Archaeologists conducting ground penetrating radar surveys of Elbląg Castle in Poland have traced the foundations of a tower from the outer bailey.
The castle was constructed by the Teutonic Order of Knights around AD 1246 and served as the official seat of the Teutonic Order Masters. After the Knights were defeated in the Thirteen Year’s War, the castle was destroyed in AD 1454 leaving only the Teutonic cellars and some of the outer bailey walls surviving.
Lech Trawicki, director of the Archaeological and Historical Museum in Elbląg said: “For more than 100 years, discussions have been going on about the shape and size of the castle.
Although earlier excavations were carried out on a limited scale, during which the ruins of the site were found, we have never been able to get a full picture about the scope, size or appearance of the castle.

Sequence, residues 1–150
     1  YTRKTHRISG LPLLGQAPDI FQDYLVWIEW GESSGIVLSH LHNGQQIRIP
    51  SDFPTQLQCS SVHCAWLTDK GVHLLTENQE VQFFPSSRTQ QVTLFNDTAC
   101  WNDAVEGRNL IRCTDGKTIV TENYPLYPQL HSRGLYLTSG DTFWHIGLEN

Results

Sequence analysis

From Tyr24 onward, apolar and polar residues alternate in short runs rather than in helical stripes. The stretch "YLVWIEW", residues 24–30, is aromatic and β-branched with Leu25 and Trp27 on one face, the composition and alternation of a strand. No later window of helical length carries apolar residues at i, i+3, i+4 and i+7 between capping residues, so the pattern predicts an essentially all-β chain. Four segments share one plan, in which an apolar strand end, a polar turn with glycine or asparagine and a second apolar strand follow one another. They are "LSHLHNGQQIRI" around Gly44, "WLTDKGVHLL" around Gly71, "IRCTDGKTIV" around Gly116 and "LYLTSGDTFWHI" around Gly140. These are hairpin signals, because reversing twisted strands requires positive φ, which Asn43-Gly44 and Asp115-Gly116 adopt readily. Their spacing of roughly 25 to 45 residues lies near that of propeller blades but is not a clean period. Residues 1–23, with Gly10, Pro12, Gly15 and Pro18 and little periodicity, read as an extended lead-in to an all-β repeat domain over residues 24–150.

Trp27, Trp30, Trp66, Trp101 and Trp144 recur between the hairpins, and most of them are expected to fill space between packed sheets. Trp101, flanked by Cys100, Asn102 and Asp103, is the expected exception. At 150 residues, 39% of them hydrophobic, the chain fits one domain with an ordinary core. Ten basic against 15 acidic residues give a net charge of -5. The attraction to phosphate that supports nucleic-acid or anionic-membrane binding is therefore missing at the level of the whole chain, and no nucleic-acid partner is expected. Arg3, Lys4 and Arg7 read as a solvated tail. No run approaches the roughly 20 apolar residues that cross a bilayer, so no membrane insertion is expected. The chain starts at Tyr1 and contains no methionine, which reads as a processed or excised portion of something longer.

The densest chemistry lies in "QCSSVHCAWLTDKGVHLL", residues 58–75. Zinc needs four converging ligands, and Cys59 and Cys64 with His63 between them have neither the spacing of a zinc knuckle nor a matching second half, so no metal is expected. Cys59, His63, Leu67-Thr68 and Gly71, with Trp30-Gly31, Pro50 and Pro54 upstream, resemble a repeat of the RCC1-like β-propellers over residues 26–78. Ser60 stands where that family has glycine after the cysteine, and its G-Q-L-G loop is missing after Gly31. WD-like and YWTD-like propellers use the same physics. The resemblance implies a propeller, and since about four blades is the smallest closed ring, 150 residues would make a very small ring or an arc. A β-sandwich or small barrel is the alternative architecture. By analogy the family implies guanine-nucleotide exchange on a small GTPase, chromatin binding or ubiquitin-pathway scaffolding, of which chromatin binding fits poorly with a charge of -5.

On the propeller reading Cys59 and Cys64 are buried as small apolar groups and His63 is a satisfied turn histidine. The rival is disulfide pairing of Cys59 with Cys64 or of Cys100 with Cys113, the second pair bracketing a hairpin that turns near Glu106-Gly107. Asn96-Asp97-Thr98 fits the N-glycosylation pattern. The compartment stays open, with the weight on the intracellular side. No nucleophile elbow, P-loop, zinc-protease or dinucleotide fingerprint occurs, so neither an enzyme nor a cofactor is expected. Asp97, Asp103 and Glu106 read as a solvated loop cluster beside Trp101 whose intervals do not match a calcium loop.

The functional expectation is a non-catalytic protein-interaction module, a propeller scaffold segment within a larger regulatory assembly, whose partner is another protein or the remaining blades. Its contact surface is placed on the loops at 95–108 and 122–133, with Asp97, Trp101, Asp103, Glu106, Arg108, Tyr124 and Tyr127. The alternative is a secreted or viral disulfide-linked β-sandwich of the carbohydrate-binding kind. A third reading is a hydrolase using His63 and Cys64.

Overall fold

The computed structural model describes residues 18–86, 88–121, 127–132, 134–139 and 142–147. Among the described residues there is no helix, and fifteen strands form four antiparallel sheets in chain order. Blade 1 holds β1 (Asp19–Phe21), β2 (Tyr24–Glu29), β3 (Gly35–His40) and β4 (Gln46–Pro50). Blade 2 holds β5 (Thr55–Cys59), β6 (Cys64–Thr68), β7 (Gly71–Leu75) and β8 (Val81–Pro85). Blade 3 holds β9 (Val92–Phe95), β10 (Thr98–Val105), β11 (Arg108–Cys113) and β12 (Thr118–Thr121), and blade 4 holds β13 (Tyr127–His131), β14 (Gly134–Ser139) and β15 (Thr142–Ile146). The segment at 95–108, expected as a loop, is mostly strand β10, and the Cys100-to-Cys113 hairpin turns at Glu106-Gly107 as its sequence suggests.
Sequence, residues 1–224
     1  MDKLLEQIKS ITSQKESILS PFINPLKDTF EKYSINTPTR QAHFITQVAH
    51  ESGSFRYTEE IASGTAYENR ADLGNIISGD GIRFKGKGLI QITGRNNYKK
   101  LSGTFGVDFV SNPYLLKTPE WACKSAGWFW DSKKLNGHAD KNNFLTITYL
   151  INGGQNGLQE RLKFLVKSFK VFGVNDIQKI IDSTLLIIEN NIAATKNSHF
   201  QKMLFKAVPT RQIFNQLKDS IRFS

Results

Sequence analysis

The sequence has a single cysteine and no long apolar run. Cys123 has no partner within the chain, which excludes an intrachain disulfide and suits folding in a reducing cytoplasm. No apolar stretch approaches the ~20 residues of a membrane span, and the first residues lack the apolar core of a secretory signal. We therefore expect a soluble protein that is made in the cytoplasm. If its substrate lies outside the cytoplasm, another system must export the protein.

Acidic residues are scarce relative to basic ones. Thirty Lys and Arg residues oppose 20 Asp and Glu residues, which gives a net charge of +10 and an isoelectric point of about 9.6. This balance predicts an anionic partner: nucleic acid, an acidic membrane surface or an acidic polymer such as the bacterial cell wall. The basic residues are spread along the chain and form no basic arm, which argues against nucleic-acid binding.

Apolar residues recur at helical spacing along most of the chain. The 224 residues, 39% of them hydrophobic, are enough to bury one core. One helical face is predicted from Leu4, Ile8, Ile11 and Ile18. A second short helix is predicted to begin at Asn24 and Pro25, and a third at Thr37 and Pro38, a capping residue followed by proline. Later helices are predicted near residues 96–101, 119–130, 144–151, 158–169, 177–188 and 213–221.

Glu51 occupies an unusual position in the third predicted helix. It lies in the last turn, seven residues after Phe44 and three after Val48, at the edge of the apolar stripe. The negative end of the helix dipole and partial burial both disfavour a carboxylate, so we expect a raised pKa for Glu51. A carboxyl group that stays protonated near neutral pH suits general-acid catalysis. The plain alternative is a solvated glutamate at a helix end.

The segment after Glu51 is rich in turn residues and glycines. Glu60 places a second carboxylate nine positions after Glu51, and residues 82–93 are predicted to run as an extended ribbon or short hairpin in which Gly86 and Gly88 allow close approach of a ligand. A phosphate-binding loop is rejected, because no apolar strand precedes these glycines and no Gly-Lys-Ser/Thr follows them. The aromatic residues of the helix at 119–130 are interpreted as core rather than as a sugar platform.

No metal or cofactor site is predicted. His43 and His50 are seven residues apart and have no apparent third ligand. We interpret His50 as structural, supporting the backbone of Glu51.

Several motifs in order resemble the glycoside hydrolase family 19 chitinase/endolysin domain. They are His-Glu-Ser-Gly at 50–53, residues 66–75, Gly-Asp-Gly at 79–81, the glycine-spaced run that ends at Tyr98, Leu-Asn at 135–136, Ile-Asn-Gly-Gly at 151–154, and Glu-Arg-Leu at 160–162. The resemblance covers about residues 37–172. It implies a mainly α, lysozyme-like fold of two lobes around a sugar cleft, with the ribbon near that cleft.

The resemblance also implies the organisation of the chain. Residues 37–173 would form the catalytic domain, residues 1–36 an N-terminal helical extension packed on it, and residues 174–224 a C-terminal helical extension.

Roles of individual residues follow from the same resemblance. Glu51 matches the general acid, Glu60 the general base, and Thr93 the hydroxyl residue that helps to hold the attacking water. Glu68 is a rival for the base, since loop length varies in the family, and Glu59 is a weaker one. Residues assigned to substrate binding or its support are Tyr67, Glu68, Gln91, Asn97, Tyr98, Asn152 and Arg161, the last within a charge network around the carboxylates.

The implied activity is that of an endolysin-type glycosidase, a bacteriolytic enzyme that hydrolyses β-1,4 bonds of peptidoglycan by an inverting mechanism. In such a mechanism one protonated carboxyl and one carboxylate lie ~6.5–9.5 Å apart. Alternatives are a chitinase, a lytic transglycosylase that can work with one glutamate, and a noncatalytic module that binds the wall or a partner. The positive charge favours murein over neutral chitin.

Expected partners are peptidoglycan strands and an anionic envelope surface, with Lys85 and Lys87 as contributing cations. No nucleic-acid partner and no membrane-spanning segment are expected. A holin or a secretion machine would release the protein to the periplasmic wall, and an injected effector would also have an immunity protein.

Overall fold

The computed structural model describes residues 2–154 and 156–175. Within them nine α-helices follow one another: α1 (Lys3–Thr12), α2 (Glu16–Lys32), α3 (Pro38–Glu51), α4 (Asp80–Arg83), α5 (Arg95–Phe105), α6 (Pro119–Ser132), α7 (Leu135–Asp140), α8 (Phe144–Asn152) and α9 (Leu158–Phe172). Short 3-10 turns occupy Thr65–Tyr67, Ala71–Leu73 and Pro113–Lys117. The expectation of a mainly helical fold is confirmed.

Previous studies have identified the main conventual house, with two outer wards: the northern ward and the southern ward. The conventual house was a brick-built structure on an irregular quadrangle plan, with wings around a central courtyard and a stone cloister.
The focus of the research team has been the south-eastern part of the northern ward.
Their results revealed legible anomalies that are the outline of the foundations of the south-east corner tower of the outer ward and the eastern part of its southern wing.
Director Trawicki said: “Now we want to analyse the widest possible area to get a full picture of the castle.”